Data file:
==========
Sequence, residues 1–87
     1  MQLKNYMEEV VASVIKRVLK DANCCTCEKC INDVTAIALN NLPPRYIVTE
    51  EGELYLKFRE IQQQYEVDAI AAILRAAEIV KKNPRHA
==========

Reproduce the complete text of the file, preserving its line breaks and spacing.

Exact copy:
Sequence, residues 1–87
     1  MQLKNYMEEV VASVIKRVLK DANCCTCEKC INDVTAIALN NLPPRYIVTE
    51  EGELYLKFRE IQQQYEVDAI AAILRAAEIV KKNPRHA